TONY Bonsanti, a wooden stepladder propped on his shoulder, moved speedily down the fourteenth-floor hallway. He was clutching a sawed-off cardboard box crammed with a miscellany of light bulbs. His eyes were trained upward. He saw what he was looking for, halted, and dug a bulb out of his box. His job—his only job—was replacing burned-out light bulbs.
“Bulbs all day long,” he told me as he nimbly unscrewed the dead hallway light. “That’s what I do. Nothing but bulbs. I’m a trained electrician, so whenever it’s slow with bulbs, I’ll do other things. But let me tell you, it’s rarely slow with bulbs. This place is hard on lights.”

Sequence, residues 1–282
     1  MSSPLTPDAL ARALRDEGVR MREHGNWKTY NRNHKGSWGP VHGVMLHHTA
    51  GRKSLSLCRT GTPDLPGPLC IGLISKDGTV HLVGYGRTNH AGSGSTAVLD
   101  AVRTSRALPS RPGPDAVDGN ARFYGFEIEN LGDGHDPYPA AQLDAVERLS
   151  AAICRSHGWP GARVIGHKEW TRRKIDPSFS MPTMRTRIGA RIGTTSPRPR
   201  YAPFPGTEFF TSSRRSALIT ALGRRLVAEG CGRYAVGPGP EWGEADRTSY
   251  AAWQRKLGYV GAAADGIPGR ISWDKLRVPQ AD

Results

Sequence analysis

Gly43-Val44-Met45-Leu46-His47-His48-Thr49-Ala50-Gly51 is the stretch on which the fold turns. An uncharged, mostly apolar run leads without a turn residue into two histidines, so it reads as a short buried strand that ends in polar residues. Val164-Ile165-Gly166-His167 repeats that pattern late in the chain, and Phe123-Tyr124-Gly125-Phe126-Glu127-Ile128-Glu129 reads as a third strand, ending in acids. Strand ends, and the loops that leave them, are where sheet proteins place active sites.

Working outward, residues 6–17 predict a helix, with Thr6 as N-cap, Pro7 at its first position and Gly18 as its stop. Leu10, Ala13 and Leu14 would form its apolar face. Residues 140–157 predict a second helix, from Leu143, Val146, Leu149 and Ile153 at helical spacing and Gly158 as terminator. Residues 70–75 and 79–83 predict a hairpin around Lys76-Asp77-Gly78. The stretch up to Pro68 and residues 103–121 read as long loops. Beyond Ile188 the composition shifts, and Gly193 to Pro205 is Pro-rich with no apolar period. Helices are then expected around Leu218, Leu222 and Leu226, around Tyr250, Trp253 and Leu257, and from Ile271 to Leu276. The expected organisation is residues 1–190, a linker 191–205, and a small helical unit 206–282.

Bonsanti dropped the expired bulb in his box for later disposal and twisted in a fresh one. “There,” he said. “Light ...